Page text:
## Seminars and Colloquia by Series

### The pants complex and More-s

Series
Geometry Topology Student Seminar
Time
Wednesday, March 8, 2023 - 14:00 for 1 hour (actually 50 minutes)
Location
Skiles 006
Speaker
Roberta ShapiroGeorgia Tech

The pants complex of a surface has as its 0-cells the pants decompositions of a surface and as its 1-cells some elementary moves relating two pants decompositions; the 2-cells are disks glued along certain cycles in the 1-skeleton of the complex. In "Pants Decompositions of Surfaces," Hatcher proves that this complex is contractible.

During this interactive talk, we will aim to understand the structure of the pants complex and some of the important tools that Hatcher uses in his proof of contractibility.

### Uniqueness results for meromorphic inner functions

Series
Analysis Seminar
Time
Wednesday, March 8, 2023 - 14:00 for 1 hour (actually 50 minutes)
Location
Skiles 005
Speaker
Burak HatinogluGeorgia Tech

A meromorphic inner function is a bounded analytic function on the upper half plane with unit modulus almost everywhere on the real line and a meromorphic continuation to the complex plane. Meromorphic inner functions and equivalently meromorphic Herglotz functions play a central role in inverse spectral theory of differential operators. In this talk, I will discuss some uniqueness problems for meromorphic inner functions and their applications to inverse spectral theory of canonical Hamiltonian systems as Borg-Marchenko type results.

### Reconfiguring List Colorings

Series
Time
Tuesday, March 7, 2023 - 15:45 for 1 hour (actually 50 minutes)
Location
Skiles 005
Speaker
Daniel CranstonVirginia Commonwealth University

A \emph{list assignment} $L$ gives to each vertex $v$ in a graph $G$ a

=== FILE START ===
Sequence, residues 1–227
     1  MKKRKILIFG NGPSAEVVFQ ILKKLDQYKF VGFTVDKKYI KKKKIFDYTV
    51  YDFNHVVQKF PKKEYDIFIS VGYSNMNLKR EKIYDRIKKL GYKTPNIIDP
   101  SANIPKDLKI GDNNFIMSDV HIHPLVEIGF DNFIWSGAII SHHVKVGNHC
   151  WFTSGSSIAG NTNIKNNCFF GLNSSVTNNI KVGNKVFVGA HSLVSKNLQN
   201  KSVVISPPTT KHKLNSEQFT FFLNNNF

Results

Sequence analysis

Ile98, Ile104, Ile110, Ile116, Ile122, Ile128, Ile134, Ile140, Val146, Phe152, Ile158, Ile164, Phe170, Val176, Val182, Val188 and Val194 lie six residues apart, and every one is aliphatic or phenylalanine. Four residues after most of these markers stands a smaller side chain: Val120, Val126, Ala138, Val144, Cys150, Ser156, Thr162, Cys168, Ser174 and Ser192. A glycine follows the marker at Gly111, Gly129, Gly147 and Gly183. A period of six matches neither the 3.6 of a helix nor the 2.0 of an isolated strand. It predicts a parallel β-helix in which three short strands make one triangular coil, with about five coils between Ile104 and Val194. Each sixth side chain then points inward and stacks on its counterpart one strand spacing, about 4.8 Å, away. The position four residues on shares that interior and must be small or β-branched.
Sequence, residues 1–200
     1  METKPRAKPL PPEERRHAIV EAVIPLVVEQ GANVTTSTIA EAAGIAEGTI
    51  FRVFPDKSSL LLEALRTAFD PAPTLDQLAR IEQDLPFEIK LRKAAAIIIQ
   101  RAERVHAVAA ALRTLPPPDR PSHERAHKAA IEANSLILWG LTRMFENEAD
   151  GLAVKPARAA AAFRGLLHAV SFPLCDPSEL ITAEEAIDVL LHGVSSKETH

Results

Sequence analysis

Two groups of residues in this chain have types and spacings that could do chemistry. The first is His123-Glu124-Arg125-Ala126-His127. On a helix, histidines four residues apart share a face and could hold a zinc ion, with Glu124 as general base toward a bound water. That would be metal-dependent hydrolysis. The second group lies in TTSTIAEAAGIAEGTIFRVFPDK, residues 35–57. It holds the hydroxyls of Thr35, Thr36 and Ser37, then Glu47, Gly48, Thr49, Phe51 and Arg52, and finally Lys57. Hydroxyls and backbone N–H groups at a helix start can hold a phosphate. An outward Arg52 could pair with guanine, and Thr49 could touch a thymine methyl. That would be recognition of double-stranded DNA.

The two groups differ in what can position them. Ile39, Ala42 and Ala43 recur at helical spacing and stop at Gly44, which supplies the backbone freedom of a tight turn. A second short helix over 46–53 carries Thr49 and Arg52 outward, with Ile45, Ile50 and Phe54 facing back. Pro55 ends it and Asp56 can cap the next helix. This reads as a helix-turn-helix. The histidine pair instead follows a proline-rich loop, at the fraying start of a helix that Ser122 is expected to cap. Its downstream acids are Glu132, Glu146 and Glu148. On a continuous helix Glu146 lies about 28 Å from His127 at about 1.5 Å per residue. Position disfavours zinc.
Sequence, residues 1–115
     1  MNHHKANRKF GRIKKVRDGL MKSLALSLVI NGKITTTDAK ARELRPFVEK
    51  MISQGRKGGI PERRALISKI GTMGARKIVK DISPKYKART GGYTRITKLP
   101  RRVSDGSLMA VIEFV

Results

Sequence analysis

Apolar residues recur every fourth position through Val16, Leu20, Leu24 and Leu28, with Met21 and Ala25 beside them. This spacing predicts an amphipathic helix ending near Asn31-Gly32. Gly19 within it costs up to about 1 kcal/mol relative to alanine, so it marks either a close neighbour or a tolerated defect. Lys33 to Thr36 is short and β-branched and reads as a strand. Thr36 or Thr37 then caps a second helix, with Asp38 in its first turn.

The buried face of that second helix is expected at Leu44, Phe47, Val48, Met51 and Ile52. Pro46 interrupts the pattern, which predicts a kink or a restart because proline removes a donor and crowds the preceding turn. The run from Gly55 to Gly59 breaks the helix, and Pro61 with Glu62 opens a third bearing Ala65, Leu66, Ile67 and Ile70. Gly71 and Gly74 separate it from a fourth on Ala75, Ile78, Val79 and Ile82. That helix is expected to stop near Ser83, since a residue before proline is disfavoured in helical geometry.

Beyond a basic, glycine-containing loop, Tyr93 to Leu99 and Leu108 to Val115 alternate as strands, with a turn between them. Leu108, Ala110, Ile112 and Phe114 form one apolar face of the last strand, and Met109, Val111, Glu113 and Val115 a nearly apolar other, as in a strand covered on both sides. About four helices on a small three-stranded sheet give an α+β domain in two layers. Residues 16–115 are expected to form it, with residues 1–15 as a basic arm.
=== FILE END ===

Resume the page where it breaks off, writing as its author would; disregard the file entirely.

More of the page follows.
list $L(v)$ of
allowable colors.  An \emph{$L$-coloring} is a proper coloring $\varphi$ such that
$\varphi(v)\in L(v)$ for all $v\in V(G)$.  An \emph{$L$-recoloring move} transforms
one $L$-coloring to another by changing the color of a single vertex.  An
\emph{$L$-recoloring sequence} is a sequence of $L$-recoloring moves.  We study
the problem of which hypotheses on $G$ and $L$ imply that for that every pair
$\varphi_1$ and $\varphi_2$ of $L$-colorings of $G$ there exists an $L$-recoloring
sequence that transforms $\varphi_1$ into $\varphi_2$.  Further, we study bounds on
the length of a shortest such $L$-recoloring sequence.

We will begin with a survey of recoloring and list recoloring problems (no prior
background is assumed) and end with some recent results and compelling
conjectures.  This is joint work with Stijn Cambie and Wouter Cames van
Batenburg.

### The linear stability of weakly charged and slowly rotating Kerr-Newman family of charged black holes

Series
PDE Seminar
Time
Tuesday, March 7, 2023 - 15:00 for 1 hour (actually 50 minutes)
Location
Skiles 006
Speaker
Lili HeJohns Hopkins University

I will discuss the linear stability of weakly charged and slowly rotating Kerr-Newman black holes under coupled gravitational and electromagnetic perturbations. We show that the solutions to the linearized Einstein-Maxwell equations decay at an inverse polynomial rate to a linearized Kerr-Newman solution plus a pure gauge term. The proof uses tools from microlocal analysis and a detailed description of the resolvent of the Fourier transformed linearized Einstein-Maxwell operator at low frequencies.

### PL surfaces and genus cobordism

Series
Geometry Topology Seminar
Time
Monday, March 6, 2023 - 14:00 for 1 hour (actually 50 minutes)
Location
006
Speaker
Hugo ZhouGeorgia Tech

Every knot in S^3 bounds a PL (piecewise-linear) disk in the four ball. But this is no longer true for knots in other three manifolds, as demonstrated first by Akbulut, who constructed a knot which does not bound any PL disk in a specific contractible four manifold. Then Levine showed that there exist knots that do not bound a PL disk in any homology four ball. What happens if we relax the condition of bounding PL disk to bounding a PL surface with some given genus? I will discuss the joint work with Hom and Stoffregen, where we proved that for each n, there exists a knot K_n in an integer homology sphere that does not bound a PL surface of genus n in any homology four ball. This talk is meant to be accessible to a broad audience.

### Optimal Transport for Averaged Control

Series
Applied and Computational Mathematics Seminar
Time
Monday, March 6, 2023 - 14:00 for 1 hour (actually 50 minutes)
Location
Skile 005 and https://gatech.zoom.us/j/98355006347
Speaker
Dr. Daniel Owusu AduUGA